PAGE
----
Institute on Disability


Variations in social capital among vocational rehabilitation applicants


BACKGROUND: In general, people with disabilities have lower levels of social capital, a measure of the quality of social relations, than people without disabilities. People with disabilities who participate in the labor force, however, have been found to have higher levels of social capital than their peers who do not participate in the labor force. OBJECTIVE: Using newly available data from the Survey of Disability and Employment (SDE), this study examined perceived social capital as it relates to supporting employment among applicants for state vocational rehabilitation (VR) services in three states: Mississippi, New Jersey, and Ohio. METHODS: We used multivariate analysis to compare differences in levels of perceived (i.e. cognitive) social capital between applicants who were employed and applicants who were not employed, by disability severity, age at disability onset, health status, and individual characteristics. RESULTS: VR applicants were more likely to benefit from social capital in their working lives if they reported currently working, less severe disability, and better perceived health. CONCLUSIONS: VR counselors must recognize that persons applying for VR services vary greatly in their access to the social supports that are closely associated with employment.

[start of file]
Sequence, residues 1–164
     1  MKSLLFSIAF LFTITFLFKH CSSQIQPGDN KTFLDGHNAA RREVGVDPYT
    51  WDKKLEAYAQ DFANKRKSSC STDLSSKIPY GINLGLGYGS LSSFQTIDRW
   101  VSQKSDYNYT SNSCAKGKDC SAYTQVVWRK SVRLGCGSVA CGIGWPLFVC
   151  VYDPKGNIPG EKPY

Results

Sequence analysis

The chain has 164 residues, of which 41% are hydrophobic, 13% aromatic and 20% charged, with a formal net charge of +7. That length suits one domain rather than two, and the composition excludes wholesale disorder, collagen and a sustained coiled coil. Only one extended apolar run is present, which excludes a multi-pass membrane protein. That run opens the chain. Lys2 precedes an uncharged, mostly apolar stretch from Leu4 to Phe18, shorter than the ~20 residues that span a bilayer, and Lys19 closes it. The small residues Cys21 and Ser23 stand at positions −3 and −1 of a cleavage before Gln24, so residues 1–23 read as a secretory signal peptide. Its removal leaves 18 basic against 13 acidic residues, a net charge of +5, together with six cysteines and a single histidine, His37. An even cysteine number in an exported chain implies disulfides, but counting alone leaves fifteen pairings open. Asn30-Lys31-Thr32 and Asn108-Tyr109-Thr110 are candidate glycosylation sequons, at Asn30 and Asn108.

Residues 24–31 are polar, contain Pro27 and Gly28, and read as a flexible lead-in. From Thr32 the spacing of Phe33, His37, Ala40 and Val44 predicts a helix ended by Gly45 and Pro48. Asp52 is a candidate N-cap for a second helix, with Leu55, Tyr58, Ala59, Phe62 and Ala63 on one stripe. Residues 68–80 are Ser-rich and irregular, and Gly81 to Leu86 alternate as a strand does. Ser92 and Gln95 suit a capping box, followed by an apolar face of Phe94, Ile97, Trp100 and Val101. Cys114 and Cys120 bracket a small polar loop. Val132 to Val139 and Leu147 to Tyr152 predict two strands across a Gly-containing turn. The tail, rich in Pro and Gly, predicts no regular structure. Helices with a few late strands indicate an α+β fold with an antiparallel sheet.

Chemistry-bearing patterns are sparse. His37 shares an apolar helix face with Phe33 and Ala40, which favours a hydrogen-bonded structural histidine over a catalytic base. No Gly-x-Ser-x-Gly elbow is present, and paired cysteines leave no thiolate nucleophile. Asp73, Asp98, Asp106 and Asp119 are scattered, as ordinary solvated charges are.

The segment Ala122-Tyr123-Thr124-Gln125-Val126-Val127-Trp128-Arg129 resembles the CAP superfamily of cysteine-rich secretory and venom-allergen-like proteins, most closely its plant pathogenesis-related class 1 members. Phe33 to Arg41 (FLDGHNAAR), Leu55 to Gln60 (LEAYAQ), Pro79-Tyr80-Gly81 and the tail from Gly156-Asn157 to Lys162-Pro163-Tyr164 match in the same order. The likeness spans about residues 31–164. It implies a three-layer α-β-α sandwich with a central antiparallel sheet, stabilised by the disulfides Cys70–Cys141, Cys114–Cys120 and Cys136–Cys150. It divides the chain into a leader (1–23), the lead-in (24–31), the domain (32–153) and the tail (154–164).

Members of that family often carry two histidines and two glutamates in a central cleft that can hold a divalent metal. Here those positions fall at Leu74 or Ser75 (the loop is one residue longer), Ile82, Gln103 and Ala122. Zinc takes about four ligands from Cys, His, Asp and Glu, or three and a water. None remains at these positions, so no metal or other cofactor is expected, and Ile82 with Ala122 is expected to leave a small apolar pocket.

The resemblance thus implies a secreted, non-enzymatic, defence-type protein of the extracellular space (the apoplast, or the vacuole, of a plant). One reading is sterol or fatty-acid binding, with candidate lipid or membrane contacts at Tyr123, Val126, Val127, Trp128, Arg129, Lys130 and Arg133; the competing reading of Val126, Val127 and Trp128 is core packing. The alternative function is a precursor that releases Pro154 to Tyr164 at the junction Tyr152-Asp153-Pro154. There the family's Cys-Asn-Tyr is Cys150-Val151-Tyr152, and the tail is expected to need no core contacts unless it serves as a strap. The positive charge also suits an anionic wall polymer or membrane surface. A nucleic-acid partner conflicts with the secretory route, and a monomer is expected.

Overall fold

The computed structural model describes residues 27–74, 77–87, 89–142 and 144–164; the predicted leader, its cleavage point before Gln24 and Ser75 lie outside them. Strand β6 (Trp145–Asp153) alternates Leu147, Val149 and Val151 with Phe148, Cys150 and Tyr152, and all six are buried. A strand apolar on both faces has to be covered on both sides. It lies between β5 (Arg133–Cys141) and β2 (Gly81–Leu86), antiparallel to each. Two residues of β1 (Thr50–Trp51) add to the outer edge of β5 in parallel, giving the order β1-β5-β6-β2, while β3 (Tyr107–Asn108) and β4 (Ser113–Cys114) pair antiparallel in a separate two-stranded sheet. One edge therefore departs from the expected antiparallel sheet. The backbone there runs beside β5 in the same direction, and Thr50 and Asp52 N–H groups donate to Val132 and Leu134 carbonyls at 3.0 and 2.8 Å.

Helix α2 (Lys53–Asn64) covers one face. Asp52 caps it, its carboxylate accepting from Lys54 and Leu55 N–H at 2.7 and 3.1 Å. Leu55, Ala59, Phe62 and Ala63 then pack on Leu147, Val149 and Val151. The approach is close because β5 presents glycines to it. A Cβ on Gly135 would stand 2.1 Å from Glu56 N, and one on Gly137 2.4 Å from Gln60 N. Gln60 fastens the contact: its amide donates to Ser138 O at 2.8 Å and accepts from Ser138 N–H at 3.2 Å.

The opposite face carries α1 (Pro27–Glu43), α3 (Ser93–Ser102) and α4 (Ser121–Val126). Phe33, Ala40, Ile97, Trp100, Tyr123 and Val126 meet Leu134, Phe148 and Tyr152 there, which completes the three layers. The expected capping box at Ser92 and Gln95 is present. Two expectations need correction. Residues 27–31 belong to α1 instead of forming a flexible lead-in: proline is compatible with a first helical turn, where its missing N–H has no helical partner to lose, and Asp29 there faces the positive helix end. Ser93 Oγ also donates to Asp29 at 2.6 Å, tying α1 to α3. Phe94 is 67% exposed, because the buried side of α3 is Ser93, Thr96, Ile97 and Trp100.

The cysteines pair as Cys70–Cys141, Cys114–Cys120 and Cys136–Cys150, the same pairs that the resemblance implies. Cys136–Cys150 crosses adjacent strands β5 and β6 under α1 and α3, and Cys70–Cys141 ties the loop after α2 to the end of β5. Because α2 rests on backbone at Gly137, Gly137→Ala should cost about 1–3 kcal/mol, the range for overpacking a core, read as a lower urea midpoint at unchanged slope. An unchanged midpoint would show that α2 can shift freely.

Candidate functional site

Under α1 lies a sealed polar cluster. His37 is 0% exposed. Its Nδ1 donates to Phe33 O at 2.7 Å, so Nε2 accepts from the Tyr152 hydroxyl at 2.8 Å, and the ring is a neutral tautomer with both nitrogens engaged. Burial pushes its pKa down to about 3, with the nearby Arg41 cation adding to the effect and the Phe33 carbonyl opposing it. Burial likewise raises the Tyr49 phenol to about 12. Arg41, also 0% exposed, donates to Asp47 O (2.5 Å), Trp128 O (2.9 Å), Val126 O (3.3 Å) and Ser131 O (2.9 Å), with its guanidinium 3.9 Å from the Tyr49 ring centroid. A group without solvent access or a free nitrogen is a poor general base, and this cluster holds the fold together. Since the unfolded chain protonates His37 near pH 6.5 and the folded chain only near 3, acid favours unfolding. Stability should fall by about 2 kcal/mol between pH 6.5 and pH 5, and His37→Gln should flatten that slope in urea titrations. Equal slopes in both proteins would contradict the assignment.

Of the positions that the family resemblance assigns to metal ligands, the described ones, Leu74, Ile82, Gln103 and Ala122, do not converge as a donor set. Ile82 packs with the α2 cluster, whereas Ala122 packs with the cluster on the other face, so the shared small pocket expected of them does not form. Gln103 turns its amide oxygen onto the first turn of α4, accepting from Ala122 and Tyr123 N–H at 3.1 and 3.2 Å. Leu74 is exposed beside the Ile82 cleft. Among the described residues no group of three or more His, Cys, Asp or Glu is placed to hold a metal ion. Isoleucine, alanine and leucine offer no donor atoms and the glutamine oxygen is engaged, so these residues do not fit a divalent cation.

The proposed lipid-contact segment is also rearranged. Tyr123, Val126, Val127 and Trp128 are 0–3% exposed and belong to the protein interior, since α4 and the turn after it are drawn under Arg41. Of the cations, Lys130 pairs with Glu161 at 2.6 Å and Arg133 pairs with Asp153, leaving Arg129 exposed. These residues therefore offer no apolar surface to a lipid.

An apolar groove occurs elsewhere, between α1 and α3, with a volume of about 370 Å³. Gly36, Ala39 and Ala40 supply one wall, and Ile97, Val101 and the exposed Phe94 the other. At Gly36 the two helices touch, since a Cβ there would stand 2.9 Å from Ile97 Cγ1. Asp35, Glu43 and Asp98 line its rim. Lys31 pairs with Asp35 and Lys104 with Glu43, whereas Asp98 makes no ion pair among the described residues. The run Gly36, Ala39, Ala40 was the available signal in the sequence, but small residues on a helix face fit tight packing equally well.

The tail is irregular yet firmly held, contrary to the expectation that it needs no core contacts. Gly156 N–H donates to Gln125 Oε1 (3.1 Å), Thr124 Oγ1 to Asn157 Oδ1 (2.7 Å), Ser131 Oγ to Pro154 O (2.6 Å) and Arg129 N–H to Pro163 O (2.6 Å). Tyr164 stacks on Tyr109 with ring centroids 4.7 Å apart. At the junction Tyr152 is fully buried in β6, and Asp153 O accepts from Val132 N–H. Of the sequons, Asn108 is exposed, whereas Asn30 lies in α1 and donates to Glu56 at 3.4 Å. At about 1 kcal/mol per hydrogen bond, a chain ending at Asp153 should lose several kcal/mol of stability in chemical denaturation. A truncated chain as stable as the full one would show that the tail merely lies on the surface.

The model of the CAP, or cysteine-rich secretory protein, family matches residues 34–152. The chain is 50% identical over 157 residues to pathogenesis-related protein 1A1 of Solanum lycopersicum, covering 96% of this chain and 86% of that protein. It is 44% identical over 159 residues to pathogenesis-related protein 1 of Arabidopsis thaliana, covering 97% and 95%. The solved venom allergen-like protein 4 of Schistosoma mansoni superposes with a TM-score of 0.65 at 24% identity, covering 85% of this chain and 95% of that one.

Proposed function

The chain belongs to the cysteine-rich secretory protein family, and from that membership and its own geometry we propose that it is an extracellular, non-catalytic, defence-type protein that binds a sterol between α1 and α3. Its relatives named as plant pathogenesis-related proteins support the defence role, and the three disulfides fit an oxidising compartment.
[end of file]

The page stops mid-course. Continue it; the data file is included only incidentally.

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Journal of Vocational Rehabilitation


IOS Press

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